The fundamental concept to consider with lesional epilepsy is that lesions themselves are not the source of the seizures. Rather, the brain tissue adjacent to the lesion becomes irritated or altered in some way that induces seizures. Other than heterotopias or neuronal tumors, the lesions are not composed of neuronal cells and therefore cannot produce seizures. Occasionally, seizures arise from regions of the brain distant from a visible structural lesion.
Consequently, the management of patients with lesional epilepsy has long been a dilemma. Is lesionectomy alone sufficient to cure the seizures, or is extralesional cortical resection required? If additional cortical resection is necessary, then how extensive must the resection be and at what risk to the patient for loss of functional capacity?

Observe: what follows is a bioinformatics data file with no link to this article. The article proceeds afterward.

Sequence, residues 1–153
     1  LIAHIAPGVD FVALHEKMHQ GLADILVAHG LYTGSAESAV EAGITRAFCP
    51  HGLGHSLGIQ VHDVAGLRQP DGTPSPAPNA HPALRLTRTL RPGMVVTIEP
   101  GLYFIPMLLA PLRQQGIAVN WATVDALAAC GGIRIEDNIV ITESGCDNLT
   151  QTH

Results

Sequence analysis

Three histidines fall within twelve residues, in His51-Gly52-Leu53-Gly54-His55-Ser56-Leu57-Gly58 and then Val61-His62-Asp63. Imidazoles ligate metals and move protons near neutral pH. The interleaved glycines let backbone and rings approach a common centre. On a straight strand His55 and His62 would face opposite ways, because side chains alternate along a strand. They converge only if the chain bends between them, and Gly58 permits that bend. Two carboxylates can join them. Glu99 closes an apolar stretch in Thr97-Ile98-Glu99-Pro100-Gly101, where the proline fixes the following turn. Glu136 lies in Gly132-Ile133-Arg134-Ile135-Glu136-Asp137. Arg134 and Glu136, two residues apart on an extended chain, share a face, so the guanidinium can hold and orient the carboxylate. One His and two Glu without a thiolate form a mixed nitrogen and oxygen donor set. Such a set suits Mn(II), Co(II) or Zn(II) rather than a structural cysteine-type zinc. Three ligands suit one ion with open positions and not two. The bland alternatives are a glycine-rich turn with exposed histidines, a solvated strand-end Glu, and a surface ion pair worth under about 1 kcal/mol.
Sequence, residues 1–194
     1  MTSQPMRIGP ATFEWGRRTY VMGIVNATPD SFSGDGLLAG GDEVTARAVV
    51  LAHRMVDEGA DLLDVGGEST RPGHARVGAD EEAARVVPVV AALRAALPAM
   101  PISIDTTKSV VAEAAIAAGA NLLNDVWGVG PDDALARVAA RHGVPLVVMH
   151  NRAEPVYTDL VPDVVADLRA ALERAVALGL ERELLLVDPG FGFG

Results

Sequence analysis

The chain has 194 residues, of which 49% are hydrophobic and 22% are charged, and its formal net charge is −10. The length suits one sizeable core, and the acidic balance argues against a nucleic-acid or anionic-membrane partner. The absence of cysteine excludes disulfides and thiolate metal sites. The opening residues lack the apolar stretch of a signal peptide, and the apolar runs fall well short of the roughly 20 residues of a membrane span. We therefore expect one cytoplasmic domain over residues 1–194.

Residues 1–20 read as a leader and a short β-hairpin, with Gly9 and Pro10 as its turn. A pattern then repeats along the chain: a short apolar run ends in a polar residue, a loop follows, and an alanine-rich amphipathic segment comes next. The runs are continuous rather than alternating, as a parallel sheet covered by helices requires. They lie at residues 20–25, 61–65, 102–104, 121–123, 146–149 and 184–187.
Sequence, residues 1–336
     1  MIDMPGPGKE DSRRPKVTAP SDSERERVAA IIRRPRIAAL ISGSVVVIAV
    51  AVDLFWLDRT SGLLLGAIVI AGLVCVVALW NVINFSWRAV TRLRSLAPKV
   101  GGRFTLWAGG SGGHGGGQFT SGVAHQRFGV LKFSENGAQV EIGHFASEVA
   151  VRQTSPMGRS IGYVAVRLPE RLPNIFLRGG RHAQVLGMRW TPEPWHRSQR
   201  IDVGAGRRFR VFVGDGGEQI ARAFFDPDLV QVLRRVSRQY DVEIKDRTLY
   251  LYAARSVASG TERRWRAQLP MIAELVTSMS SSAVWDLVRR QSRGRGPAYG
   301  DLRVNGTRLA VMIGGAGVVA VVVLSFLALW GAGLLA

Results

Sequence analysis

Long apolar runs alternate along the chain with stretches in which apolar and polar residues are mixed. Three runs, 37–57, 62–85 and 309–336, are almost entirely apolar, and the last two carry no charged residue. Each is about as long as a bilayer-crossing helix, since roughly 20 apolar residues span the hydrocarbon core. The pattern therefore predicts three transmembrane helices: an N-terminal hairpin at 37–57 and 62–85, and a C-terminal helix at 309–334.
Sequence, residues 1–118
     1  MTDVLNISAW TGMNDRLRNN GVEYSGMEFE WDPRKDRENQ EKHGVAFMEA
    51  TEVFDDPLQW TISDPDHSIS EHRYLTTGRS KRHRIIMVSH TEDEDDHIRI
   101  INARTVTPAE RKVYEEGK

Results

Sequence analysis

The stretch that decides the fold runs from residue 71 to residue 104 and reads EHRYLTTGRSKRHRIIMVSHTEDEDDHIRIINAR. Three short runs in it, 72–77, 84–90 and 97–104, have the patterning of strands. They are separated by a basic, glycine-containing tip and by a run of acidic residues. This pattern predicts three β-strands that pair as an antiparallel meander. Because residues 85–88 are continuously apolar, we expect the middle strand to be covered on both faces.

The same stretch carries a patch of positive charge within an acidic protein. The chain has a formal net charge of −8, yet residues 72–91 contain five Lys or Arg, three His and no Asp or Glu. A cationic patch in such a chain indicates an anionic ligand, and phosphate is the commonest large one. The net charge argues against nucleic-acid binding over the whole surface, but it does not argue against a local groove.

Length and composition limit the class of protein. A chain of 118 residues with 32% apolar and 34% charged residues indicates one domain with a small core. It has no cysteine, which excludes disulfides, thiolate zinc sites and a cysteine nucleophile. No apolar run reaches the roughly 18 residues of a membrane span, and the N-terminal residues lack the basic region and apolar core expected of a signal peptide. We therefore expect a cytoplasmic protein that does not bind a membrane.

The answers to the first two questions are both yes. Complete removal of a lesion such as a benign tumor or vascular malformation can and often does completely cure the epilepsy.12,22,59 Alternatively, however, many patients have been documented to need significant extralesional cortical resections to control their seizures. In nonlesional cases, significant cortical resection is required to remove the epileptogenic zone, but the extent of the resection must be defined. Furthermore, vital regions or eloquent areas of the brain need to be delineated accurately and preserved if nearby regions must be resected.
One way to determine the extent of cortical resection while avoiding vital functional regions is by EcoG and functional brain mapping. The implantation of subdural electrodes, video-EcoG-telemetry, and functional brain mapping allow surgeons to plan the extent of resection required while sparing vital areas. This technique has been highly successful.40